Friday, July 13, 2012

Explaining Bain: Wealthy Play by Different Set of Rules

How can you be called CEO on important documents and get paid, all while being inactive in a company that you are the sole shareholder of? We're all trying to figure that out because it doesn't seem to make sense. The New Yorker says that's the way it is for folks like Romney who breathe rarified air. The wealthiest get benefits and loopholes and tax havens that normal people don't get. They don't play by the same rules that we do:
What Romney’s career shows, after all, is that once you’re at the top, you can keep being called C.E.O. even if you’re not even working at the company. You can get paid a hundred grand a year—chump change for Romney, to be sure, but twice the U.S. median income—while doing, by your own account, nothing at all for the company. You can build up an I.R.A. worth tens of millions of dollars when the maximum annual contribution is four thousand dollars. (Henry Blodget suggests here that Romney’s ownership of Bain Capital shares may explain how that I.R.A. could have legally gotten so big.) And, above all, if you manage a private-equity firm, you can reap the benefit of the carried-interest tax loophole and pay a much lower tax rate on your income than the vast majority of Americans, and you can continue to reap the benefit of that loophole even after you stop working for the firm. None of these things is illegal, but none of them are things that ordinary Americans can benefit from, and that’s the real scandal of Romney’s career at Bain. Read more New Yorker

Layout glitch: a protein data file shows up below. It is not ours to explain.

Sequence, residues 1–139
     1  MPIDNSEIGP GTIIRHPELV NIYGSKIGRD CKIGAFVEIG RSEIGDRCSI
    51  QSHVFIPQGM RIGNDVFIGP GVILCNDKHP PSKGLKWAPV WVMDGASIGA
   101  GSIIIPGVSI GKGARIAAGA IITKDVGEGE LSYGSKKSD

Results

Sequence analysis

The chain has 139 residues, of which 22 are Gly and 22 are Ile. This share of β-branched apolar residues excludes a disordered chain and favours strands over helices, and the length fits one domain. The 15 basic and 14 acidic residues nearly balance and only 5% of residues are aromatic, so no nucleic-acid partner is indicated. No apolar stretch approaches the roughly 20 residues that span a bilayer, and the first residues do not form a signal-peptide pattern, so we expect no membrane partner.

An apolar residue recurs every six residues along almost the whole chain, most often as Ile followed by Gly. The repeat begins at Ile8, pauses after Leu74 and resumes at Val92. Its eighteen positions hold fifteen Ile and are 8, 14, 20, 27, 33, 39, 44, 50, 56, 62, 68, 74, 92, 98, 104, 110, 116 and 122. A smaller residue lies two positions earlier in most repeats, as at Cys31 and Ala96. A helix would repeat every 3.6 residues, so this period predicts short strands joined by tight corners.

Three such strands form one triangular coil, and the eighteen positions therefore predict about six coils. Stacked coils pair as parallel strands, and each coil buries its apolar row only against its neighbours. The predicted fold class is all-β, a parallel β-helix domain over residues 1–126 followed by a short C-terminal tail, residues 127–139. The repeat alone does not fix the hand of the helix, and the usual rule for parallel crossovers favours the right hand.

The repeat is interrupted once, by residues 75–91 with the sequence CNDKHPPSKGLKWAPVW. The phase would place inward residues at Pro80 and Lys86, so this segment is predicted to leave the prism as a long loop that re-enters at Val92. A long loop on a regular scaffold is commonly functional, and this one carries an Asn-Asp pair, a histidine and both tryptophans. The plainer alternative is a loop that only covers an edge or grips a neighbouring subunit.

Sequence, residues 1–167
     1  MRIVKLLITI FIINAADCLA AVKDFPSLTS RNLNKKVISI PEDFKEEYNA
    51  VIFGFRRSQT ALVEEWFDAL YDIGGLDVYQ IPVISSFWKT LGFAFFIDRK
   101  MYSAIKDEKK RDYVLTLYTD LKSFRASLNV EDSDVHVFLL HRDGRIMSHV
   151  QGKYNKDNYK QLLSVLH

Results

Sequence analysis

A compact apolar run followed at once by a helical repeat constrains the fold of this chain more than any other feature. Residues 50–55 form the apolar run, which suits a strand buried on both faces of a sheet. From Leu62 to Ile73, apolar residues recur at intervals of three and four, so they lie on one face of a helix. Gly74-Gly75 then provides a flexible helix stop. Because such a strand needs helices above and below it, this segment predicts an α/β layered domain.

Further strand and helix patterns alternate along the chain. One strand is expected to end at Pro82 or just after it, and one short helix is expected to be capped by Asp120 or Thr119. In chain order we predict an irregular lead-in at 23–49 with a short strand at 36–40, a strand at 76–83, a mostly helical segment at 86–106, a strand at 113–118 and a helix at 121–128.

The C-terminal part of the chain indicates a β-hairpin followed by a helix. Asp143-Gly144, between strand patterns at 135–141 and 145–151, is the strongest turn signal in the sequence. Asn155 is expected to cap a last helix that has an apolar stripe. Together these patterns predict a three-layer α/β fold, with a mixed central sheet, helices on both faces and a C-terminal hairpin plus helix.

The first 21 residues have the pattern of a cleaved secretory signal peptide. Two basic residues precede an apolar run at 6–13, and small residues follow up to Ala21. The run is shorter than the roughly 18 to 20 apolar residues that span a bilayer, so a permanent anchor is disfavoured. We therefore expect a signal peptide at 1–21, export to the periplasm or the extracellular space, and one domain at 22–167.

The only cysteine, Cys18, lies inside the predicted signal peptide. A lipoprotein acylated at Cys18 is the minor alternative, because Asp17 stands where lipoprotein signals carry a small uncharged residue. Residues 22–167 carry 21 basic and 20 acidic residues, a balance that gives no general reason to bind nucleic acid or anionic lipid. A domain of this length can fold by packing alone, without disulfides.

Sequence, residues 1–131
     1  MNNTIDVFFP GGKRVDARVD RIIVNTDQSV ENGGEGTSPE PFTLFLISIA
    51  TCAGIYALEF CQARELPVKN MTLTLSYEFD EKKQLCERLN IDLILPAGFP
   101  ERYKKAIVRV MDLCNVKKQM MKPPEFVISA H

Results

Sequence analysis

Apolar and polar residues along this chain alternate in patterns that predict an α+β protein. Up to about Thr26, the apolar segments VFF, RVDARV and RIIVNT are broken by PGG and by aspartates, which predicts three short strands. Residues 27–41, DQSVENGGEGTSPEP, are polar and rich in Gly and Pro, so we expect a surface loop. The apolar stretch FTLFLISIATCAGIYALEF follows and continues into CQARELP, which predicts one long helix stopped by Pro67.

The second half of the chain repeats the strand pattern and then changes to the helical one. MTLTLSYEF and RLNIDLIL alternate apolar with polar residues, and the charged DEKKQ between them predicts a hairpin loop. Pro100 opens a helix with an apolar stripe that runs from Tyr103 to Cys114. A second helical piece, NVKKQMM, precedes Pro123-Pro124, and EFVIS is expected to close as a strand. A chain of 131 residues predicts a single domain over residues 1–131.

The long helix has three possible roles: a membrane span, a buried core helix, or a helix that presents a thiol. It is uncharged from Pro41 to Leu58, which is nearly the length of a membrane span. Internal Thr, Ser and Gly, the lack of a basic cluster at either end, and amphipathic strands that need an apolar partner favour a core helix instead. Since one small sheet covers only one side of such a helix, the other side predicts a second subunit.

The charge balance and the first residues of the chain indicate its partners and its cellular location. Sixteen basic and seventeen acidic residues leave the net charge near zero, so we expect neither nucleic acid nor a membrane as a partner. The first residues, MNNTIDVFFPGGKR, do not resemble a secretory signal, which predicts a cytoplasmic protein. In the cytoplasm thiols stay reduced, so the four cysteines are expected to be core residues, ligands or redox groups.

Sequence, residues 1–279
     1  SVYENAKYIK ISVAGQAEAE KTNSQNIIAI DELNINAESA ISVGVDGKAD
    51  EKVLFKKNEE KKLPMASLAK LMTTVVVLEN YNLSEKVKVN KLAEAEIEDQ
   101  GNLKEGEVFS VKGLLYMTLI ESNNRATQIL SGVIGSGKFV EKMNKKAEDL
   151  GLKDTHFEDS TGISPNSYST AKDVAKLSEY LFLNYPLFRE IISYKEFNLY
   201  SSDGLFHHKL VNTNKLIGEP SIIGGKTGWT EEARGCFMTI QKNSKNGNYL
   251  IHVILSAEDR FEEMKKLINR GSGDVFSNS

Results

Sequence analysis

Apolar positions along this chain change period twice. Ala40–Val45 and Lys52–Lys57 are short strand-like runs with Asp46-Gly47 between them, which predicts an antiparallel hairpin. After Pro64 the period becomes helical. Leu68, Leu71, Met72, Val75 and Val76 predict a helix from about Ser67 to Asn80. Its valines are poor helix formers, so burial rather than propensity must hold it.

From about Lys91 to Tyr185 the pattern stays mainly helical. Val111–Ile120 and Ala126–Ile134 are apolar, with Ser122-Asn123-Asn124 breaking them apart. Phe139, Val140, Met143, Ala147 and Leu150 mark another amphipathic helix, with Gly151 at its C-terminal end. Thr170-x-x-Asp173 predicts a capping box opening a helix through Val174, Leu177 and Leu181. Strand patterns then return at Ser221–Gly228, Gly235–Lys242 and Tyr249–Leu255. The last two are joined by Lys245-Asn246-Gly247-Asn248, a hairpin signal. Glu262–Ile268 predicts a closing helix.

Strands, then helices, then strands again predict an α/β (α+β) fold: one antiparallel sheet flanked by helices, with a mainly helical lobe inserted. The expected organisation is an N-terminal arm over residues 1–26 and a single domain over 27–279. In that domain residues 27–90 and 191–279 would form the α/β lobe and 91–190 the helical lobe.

As Obama says:
“Most Americans figure if you are the chairman, CEO and president of a company, that you are responsible for what that company does.”